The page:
Another’s uncle is Pete Conrad so some commonality.

I saw some of the guys whom I had known as a kid – they have become nice men. I have to remind myself that they are men, not kids – we get right back to kid-dom.

The next morning, breakfast with the gals, barbecue at Beechwood House, where I went to second and third grade. It’s a magnificent building, an old home.

At the barbecue, several people from different classes said hello – they remembered me or their siblings remembered me, or they admired Chuck Yeager. Lisa was there, as well as Cynthia, two very different, but very interesting, beautiful women.

From the barbecue, my classmates, not many had come to the reunion, headed back to the boarding department for another visit to their old rooms. I headed to Merion Cricket Club, a beautiful club, just to see it and then to the airport.

But  before all that, I looked around Beechwood…great memories.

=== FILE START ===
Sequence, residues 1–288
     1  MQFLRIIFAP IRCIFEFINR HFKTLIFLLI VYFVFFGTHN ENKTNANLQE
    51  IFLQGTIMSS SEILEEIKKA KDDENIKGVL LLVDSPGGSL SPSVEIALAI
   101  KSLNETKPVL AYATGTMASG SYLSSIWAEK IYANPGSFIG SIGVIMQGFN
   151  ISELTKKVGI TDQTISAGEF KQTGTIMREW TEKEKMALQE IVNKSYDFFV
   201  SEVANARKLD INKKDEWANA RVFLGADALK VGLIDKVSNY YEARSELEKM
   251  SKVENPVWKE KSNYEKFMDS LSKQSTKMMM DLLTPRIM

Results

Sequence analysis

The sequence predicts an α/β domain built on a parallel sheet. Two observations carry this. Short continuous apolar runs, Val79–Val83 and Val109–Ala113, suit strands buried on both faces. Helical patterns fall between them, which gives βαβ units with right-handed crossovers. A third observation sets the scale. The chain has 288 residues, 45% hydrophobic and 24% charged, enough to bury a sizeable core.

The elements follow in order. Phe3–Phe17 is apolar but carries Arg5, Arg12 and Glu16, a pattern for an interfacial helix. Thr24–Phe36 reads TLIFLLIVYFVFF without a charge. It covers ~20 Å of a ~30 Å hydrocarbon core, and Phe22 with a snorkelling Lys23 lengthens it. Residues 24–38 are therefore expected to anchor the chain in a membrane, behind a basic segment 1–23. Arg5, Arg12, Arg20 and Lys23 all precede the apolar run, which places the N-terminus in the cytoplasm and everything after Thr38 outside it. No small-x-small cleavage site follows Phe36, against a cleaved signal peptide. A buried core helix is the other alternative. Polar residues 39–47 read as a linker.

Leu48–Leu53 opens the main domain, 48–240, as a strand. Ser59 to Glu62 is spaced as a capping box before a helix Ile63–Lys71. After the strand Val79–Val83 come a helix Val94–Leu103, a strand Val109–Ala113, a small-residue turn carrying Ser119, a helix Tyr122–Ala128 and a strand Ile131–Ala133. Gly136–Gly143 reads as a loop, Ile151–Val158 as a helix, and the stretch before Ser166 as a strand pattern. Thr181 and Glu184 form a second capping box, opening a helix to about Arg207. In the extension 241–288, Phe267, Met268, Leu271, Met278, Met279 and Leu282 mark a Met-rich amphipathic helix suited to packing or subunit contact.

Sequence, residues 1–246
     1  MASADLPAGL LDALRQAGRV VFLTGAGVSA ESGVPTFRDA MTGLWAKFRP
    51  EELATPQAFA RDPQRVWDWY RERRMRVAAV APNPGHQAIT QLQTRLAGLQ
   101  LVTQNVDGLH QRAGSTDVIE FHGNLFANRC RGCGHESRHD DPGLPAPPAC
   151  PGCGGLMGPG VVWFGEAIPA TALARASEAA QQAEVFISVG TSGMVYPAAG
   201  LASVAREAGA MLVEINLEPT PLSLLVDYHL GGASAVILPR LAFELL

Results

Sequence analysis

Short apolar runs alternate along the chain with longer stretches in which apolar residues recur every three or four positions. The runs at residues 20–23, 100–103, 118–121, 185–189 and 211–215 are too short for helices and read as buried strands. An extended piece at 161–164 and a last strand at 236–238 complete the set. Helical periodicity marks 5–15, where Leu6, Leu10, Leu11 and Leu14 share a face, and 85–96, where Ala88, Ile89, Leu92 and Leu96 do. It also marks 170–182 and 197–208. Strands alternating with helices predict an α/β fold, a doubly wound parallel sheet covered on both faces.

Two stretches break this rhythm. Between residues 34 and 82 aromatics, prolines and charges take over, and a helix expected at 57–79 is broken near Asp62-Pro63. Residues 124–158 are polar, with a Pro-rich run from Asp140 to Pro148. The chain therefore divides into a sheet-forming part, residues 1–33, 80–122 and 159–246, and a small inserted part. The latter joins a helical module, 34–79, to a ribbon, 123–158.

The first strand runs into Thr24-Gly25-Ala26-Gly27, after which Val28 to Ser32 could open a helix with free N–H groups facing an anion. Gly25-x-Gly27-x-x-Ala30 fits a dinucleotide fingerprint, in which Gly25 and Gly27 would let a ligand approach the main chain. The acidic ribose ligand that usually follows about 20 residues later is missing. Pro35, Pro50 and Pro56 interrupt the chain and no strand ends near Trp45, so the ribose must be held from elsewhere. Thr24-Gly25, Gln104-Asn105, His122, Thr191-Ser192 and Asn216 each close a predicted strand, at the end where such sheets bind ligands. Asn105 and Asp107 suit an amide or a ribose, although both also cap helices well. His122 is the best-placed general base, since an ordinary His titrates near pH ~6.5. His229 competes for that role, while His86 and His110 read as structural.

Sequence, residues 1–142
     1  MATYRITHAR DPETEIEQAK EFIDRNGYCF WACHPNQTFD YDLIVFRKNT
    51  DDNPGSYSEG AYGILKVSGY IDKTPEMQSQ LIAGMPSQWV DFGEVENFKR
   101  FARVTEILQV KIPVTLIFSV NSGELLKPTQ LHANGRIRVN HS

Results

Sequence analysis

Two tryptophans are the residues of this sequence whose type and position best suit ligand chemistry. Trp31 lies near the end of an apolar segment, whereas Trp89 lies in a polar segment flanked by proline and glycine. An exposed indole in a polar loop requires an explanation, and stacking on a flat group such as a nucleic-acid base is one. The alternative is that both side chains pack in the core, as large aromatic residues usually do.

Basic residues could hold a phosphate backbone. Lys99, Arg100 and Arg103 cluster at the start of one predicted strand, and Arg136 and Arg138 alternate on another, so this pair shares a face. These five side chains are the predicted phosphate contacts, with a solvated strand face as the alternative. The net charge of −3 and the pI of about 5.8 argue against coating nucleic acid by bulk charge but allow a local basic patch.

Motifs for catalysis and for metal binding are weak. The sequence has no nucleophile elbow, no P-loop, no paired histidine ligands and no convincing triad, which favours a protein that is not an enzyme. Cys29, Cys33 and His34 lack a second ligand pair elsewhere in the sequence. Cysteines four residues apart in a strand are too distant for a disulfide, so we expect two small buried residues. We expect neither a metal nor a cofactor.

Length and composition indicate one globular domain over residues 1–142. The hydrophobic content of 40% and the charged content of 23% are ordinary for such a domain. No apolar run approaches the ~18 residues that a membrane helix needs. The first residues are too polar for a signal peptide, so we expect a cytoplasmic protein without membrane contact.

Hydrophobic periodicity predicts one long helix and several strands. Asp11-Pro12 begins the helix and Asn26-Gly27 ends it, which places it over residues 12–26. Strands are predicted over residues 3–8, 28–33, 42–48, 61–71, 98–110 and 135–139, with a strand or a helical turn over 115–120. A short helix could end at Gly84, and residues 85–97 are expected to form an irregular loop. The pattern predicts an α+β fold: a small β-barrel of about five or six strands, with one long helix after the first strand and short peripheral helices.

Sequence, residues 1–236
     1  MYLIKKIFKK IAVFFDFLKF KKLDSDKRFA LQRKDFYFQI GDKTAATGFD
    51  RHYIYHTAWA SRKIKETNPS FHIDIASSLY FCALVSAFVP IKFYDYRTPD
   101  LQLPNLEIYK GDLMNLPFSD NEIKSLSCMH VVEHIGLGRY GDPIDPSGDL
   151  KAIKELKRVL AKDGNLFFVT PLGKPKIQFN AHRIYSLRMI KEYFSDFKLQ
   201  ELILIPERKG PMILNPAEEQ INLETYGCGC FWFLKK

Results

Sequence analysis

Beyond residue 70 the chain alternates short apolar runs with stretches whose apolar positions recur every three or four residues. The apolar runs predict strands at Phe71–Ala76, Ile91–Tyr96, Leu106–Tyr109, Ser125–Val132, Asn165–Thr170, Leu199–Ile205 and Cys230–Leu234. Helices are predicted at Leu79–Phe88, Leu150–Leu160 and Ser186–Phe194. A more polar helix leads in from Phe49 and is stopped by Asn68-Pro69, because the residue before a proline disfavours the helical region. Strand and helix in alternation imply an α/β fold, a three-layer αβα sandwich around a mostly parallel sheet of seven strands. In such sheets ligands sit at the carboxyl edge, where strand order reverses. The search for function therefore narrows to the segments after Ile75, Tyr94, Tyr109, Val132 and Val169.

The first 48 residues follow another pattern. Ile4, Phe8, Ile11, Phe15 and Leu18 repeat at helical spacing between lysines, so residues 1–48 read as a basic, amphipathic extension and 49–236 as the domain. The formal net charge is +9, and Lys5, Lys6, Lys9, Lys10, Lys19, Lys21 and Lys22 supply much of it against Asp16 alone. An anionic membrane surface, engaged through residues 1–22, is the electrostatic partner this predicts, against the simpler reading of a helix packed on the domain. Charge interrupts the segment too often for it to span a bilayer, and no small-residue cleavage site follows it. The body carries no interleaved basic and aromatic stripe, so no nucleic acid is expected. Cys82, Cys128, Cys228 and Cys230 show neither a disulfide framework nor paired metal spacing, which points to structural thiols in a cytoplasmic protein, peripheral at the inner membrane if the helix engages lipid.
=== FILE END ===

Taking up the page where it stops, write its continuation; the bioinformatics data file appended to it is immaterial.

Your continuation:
I started at this school in second grade. I remember being the last to arrive on the first day and was ushered into the classroom from the back. One empty chair/desk in the back. The next day, I was in the second row. We were supposed to pass a message down the row. I passed it to Katie to my right (remember we were age 7). Katie then whispered to her right – but she was the end of the row. I thought it was pretty funny and decided I wanted to be that person – the funny (cleverly funny, not buffoonish) one. Katie was quite popular because of it and because she was a cute girl with long braids.

Sally said she looked at me, I smiled and she thought: She’s my friend.

The power of a smile!